© 2006 University of Chicago Library
Wilkening, Marvin. Papers
.5 linear ft. (1 box)
Special Collections Research Center
Physicist. B.S., Southeast Missouri State University, 1939. M.S., Illinois Institute of Technology, 1943; Ph.D., 1949. Professor Emeritus of New Mexico Institute of Mining and Technology Contains correspondence, memoranda, notes, reprints, publications, and photographs. Material documents Wilkening's participation in the experiment that produced the first controlled nuclear chain reaction at the University of Chicago in 1942 and later scientific work at nuclear installations.
When quoting material from this collection, the preferred citation is: Wilkening, Marvin. Papers, [Box #, Folder #], Special Collections Research Center, University of Chicago Library
Wilkening is professor emeritus of physics and dean emeritus of graduate studies at New Mexico Tech.
While a graduate student at the Illinois Institute of Technology, Marvin Wilkening was a member of Enrico Fermi's group at the University of Chicago, which achieved the first sustained nuclear chain reaction. On December 2, 1942, Wilkening operated the neutron detector that indicated successful obtainment of a sustained chain reaction in the pile of graphite and uranium known as Chicago Pile 1.
When the U.S. Army's atomic bomb Manhattan Project was started, he continued his work on neutron detectors. He was present at New Mexico's Trinity Site during the explosion of the first atomic bomb on July 16, 1945.
At New Mexico Tech, Dr. Wilkening served as chair of the Department of Physics for 15 years. As a faculty member in the department, he conducted research on the atmospheric environment, both indoors and outdoors, specializing in the use of radon gas and its decay products as powerful investigative tools. His wife of 60 years passed away June 20, 2003.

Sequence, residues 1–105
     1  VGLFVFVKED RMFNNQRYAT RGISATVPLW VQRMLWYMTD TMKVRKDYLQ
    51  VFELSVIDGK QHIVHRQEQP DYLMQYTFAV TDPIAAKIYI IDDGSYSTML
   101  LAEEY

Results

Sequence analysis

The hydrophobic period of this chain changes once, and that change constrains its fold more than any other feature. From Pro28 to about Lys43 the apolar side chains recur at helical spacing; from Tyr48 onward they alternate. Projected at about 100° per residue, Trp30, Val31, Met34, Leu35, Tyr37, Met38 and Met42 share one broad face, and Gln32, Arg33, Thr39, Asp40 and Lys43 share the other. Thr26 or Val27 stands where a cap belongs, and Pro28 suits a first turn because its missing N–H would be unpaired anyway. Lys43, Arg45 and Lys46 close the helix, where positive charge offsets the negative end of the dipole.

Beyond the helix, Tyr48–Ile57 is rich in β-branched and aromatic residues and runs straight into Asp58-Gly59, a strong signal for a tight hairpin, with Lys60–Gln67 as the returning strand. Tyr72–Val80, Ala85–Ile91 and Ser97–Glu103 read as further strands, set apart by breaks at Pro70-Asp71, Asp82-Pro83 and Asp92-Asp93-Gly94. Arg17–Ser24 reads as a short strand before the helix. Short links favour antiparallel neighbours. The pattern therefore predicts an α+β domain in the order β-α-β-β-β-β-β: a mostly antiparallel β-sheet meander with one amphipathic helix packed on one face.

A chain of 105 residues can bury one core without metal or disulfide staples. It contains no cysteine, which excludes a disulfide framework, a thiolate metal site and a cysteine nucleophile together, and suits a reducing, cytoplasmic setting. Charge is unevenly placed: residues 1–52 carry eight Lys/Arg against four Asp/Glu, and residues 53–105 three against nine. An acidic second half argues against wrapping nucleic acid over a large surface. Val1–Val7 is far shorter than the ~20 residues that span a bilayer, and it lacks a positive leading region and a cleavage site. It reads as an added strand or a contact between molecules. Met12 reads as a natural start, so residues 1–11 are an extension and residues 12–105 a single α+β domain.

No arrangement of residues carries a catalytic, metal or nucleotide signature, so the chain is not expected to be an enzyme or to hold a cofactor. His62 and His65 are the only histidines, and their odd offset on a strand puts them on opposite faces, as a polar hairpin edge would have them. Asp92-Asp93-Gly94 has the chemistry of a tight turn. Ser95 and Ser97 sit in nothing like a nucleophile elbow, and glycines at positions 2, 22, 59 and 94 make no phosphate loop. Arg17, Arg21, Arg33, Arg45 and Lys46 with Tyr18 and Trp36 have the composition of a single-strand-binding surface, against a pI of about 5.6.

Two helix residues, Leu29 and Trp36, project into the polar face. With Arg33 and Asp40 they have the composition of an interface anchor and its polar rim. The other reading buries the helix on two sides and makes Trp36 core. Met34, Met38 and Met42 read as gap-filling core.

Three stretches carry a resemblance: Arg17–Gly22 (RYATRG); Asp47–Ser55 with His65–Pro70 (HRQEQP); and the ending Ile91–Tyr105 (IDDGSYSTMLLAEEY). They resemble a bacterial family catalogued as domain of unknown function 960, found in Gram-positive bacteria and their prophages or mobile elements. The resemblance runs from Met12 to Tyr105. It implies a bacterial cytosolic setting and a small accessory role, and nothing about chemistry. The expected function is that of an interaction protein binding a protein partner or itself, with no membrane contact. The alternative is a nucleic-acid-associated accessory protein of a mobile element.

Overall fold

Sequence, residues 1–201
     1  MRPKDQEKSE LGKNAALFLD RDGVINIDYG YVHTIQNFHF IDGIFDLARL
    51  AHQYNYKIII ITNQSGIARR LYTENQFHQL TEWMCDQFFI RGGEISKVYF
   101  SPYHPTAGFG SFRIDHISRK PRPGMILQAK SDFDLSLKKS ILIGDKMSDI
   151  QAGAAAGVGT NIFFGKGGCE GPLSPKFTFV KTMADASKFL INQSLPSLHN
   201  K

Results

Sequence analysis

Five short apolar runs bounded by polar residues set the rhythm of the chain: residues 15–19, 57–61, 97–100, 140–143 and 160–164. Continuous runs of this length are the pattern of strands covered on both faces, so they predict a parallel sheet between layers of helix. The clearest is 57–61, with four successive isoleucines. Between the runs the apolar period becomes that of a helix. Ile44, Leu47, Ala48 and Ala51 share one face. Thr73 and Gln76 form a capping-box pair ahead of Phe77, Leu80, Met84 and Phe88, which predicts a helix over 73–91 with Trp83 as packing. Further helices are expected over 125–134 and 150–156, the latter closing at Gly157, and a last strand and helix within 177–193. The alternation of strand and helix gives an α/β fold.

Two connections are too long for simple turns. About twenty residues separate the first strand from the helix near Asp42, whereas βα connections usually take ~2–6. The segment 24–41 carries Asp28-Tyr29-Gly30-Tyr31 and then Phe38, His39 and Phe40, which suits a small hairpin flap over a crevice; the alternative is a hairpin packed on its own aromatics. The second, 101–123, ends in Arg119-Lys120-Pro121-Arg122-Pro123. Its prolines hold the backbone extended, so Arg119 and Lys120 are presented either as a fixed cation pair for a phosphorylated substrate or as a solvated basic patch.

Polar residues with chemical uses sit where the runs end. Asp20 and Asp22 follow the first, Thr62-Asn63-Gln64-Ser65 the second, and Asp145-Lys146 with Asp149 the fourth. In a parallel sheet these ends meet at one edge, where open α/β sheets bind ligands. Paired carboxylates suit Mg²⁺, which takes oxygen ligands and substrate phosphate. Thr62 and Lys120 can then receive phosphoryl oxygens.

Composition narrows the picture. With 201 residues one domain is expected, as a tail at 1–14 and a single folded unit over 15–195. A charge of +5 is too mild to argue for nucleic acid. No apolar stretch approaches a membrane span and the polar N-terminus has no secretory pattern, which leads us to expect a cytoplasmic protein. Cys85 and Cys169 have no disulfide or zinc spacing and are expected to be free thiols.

This collection contains correspondence, memoranda, notes, reprints, publications, and photographs. Material documents Wilkening's participation in the experiment that produced the first controlled nuclear chain reaction at the University of Chicago in 1942 and later scientific work at nuclear installations.
The collection also includes Enrico Fermi's handwritten description of the monitoring of the first Chicago pile, statements by atomic scientists regarding the global consequences of nuclear power, photographs of the Manhattan Project staff, notes written during the Trinity Site nuclear test, newspaper clippings and photocopies dealing with the anniversaries of the first nuclear chain reaction, and publications related to the Manhattan Project.
The following related resources are located in the Department of Special Collections:
|Box 1 Folder 1|
Publications and photographs, 1940-1942
|Box 1 Folder 2|
Manhattan Project, notes, photographs and records, 1942-1945
|Box 1 Folder 3|
Correspondence and publications, 1947-1992
|Box 1 Folder 4|
Enrico Fermi, articles, 1946-1952
|Box 1 Folder 5|
Statements by Atomic Scientists regarding the global consequences of nuclear power, 1945-1946
|Box 1 Folder 6|
|Box 1 Folder 7|
Notes and correspondence, 1945-1983
|Box 1 Folder 8|
|Box 1 Folder 9|
Twenty-fifth anniversaries of first nuclear chain reaction, December 2, 1962 and 1967